So what do you do? You leak all kinds of inside information on upcoming earnings releases and a high-profile restructuring and spinoff to a friend at a hedge fund who you know is going to illegally trade a million shares on the information and let another hedge fund manager in on the fun, too.
But you're caught red-handed on tape by the FBI. Poof, it's all gone. Just like that.
So, can you picture that happening to you? Of course not; neither can I. But it allegedly happened, and not to just one guy, but two.
One is former AMD CEO and Motorola president Hector Ruiz, who yesterday agreed to step down as chairman of AMD spinoff Globalfoundries. Ruiz, apparently caught in the FBI snare, cooperated with the investigation and has not been charged.
The other is Bob Moffat, an IBM senior VP who has been mentioned as a possible successor to IBM CEO Sam Palmisano. Moffat, who was arrested by the feds a couple of weeks ago and charged with conspiracy to commit securities fraud, ended his 31-year career at IBM on Friday.
Other executives charged in the biggest insider trading bust in decades include Rajiv Goel, a managing director at Intel Capital, and Anil Kumar, a director at McKinsey & Co.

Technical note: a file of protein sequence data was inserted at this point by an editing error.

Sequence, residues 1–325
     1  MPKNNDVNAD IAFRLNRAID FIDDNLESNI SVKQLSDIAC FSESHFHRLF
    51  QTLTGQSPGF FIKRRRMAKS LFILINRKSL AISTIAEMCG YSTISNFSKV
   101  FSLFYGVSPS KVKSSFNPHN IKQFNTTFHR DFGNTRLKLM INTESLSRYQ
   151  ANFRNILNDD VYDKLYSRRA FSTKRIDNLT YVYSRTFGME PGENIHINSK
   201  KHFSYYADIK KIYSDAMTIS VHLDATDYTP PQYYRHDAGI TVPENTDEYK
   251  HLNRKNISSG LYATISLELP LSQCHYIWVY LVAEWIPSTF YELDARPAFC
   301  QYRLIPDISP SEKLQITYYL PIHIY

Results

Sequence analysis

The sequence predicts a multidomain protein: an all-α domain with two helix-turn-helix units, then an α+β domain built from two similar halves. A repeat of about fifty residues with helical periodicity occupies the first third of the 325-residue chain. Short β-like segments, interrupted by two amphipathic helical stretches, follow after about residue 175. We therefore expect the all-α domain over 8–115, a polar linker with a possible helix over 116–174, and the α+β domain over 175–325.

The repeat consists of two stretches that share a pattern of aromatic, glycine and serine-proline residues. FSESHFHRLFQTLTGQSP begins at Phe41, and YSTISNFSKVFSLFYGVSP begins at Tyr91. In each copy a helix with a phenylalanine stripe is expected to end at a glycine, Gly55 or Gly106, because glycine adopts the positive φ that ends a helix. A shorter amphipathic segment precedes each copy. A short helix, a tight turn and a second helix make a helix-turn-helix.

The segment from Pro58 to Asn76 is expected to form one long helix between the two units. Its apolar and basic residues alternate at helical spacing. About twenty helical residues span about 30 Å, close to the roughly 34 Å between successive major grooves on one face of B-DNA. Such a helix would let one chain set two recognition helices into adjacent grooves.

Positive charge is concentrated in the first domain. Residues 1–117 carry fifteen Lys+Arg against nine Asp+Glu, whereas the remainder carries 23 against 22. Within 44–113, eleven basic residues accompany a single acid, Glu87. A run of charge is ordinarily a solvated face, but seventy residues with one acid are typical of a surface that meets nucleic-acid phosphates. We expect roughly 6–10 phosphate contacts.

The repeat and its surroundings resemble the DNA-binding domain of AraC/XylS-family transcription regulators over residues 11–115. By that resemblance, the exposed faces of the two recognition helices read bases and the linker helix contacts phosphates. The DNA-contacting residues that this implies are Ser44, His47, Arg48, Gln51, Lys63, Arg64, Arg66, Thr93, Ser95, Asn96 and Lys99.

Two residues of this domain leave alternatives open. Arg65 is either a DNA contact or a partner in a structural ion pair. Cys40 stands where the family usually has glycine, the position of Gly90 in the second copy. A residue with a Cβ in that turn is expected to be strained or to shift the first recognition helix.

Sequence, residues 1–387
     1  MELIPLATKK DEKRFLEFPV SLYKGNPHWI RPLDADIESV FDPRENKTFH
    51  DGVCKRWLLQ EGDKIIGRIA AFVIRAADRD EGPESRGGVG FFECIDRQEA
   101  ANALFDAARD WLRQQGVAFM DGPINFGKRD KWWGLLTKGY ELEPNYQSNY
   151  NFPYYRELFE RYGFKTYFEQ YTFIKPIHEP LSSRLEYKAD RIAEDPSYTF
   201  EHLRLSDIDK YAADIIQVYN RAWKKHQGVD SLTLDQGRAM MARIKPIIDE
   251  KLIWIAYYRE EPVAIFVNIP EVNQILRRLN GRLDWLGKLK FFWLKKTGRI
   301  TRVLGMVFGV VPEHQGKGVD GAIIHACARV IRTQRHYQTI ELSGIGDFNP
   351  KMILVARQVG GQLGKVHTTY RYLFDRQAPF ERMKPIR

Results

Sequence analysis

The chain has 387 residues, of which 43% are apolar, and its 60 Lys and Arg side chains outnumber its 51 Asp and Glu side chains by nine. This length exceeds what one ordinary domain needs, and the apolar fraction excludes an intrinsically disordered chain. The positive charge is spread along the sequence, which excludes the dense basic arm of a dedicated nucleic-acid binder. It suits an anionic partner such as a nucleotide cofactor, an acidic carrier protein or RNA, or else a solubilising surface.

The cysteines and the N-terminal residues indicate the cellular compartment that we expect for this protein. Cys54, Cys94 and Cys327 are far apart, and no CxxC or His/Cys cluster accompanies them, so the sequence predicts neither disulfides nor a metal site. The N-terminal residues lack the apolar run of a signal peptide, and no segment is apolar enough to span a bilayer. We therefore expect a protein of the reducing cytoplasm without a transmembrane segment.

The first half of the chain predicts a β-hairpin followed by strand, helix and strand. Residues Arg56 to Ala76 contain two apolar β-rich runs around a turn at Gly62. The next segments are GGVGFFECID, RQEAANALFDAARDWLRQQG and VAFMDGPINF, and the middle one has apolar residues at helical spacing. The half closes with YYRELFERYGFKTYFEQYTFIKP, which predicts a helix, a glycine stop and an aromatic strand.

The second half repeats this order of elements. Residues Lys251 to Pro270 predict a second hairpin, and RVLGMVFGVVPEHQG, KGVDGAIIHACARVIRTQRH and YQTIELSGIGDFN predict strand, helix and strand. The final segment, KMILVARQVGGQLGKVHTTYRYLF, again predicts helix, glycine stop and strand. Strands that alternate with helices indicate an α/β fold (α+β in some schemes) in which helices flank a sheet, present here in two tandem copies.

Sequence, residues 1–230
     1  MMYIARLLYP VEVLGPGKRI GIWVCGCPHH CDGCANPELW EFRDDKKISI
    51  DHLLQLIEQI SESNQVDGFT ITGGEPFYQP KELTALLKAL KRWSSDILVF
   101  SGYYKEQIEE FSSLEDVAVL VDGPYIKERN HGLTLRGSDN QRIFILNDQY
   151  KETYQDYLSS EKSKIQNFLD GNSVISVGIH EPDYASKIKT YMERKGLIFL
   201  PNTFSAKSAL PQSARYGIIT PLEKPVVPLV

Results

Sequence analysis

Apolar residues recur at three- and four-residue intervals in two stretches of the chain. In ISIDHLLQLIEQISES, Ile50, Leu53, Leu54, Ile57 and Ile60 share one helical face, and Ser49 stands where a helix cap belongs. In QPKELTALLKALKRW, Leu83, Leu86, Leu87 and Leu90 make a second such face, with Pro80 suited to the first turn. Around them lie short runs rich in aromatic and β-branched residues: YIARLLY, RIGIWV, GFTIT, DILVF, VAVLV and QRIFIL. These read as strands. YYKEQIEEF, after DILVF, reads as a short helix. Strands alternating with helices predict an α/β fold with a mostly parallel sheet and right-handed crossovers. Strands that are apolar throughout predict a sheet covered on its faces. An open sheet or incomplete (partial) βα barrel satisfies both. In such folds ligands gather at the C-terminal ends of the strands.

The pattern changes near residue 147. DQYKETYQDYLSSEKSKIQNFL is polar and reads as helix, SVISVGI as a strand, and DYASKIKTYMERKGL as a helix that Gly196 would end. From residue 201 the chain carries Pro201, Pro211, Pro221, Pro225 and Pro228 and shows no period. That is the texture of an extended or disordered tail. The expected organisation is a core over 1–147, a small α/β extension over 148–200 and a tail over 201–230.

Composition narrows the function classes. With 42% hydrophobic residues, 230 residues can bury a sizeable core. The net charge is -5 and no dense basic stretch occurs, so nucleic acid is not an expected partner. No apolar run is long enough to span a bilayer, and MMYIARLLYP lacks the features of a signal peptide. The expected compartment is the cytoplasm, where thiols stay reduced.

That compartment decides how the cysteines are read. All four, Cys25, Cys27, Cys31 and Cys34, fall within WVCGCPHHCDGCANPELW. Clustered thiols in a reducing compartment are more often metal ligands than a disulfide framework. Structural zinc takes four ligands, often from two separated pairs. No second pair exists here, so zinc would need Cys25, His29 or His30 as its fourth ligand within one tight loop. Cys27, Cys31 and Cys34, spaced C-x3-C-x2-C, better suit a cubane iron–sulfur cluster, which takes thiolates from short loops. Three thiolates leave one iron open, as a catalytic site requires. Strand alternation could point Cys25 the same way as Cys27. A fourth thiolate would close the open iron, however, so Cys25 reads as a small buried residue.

The obvious question is why? Why would anyone do something so spectacularly idiotic, so ridiculously self-destructive, so seemingly out of character? Hard to say. The FBI's affidavit leaves little room for doubt. Both executives certainly seemed to know what they were doing when they allegedly leaked material inside information to Danielle Chiesi, of New Castle Partners, who then passed it along to billionaire hedge fund manager Raj Rajaratnam of Galleon.
According to a Wall Street Journal report, wiretaps revealed that Moffat told Chiesi about AMD's turnaround plans and that IBM's earnings would be better than expected. He also allegedly revealed that Sun's revenue and earnings would beat expectations (IBM was considering acquiring Sun).
The Wall Street Journal also reported that Ruiz revealed to Chiesi details and timing of AMD's upcoming restructuring and spinoff of Globalfoundries, including statements like "you know, we're going to shock the hell out of everybody."
Which brings me back to the question of why. One theory, according to the NY Daily News, suggests it's all about testosterone:
For decades, Chiesi, a portfolio manager at New Castle Funds LLC, used her looks to gain access to insider information, sources said.Now, check out this picture of Chiesi. With all due respect, she's no cheerleader. So, got any other theories?
"Everyone that she knew wanted to tell her everything that they could tell her," the insider said. "She very much captured people's attention by her look....They'd want to get close to her. They all gave her tremendous access."
"Wall Street is a locker room," the source added. "You bring a cheerleader into a locker room, that's what happens."
Also check out Is Insider Trading Still Rampant on Wall Street?
[Image of Hector Ruiz from AMD.com, image of Bob Moffat from IBM.com]